Amen to this. Having been a software maintainer myself (including in a large corporate setting), pristine upstream base-line + patches (as fine-grained as possible) are quite obviously the preferred form for maintaining corporately supported versions of free software projects. Anything else leads to significant inefficiencies and hair-pulling.
It used to be you'd check in actual tarball + patch files into an SCM (RedHat did this - perhaps still do; Sun did this with its SFW consolidation). However, current SCMs are now so good at examining history (git particularly) you can afford to check in the patched sources.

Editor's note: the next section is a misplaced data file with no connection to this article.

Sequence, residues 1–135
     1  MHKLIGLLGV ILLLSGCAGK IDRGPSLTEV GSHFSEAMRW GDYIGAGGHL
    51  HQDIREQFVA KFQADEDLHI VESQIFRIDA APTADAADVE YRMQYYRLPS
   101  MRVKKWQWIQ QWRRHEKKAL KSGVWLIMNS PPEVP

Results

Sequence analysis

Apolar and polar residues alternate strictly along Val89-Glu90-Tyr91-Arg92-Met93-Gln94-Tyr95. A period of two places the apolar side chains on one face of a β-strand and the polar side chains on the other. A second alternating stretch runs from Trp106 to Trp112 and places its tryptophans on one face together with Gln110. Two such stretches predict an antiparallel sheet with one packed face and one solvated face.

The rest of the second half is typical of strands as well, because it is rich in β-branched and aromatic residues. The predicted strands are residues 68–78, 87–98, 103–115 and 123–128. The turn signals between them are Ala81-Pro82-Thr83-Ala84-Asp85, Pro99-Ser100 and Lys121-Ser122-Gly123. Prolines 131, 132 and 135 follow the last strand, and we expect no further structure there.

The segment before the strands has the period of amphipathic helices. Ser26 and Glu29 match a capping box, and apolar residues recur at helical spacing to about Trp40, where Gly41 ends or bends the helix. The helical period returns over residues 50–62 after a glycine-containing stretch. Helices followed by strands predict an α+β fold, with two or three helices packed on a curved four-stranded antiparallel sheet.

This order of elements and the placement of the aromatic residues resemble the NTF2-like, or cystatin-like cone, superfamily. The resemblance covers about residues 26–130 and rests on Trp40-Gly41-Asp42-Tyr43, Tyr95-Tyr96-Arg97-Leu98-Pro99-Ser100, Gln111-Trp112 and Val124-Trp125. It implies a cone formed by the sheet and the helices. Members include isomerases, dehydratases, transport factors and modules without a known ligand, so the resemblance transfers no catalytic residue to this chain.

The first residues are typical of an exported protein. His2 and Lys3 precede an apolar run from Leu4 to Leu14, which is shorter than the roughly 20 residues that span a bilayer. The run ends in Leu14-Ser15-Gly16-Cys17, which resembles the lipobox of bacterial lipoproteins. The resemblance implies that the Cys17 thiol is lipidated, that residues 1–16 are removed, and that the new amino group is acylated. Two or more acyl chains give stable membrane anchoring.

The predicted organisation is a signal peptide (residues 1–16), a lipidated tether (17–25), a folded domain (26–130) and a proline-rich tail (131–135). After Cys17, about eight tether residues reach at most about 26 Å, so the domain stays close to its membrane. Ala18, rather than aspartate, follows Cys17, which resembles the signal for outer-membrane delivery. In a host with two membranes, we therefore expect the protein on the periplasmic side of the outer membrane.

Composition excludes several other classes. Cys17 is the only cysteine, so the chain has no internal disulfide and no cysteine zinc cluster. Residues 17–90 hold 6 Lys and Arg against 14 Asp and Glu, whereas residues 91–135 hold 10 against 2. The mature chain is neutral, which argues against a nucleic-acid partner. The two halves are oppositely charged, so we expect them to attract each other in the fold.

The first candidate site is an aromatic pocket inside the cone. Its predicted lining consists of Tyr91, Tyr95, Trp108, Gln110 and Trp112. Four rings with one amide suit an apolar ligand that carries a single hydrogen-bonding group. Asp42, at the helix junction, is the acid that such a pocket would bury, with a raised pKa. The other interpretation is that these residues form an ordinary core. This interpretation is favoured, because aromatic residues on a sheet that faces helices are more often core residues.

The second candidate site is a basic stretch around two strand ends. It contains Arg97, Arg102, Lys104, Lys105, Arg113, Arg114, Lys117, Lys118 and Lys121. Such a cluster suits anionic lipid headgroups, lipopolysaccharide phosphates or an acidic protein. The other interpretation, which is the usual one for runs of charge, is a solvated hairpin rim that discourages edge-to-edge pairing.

The interesting question then is, does that affect the preferred form requirement? If the patches used to be directly a source input to your build process (and hence clearly covered by the GPL), if having access to those patches is important to be able to maintain (i.e. modify further) that code base, if then by some technicality the build process no longer works on the patches to what extent are the patches no longer preferred for the purposes of the GPL?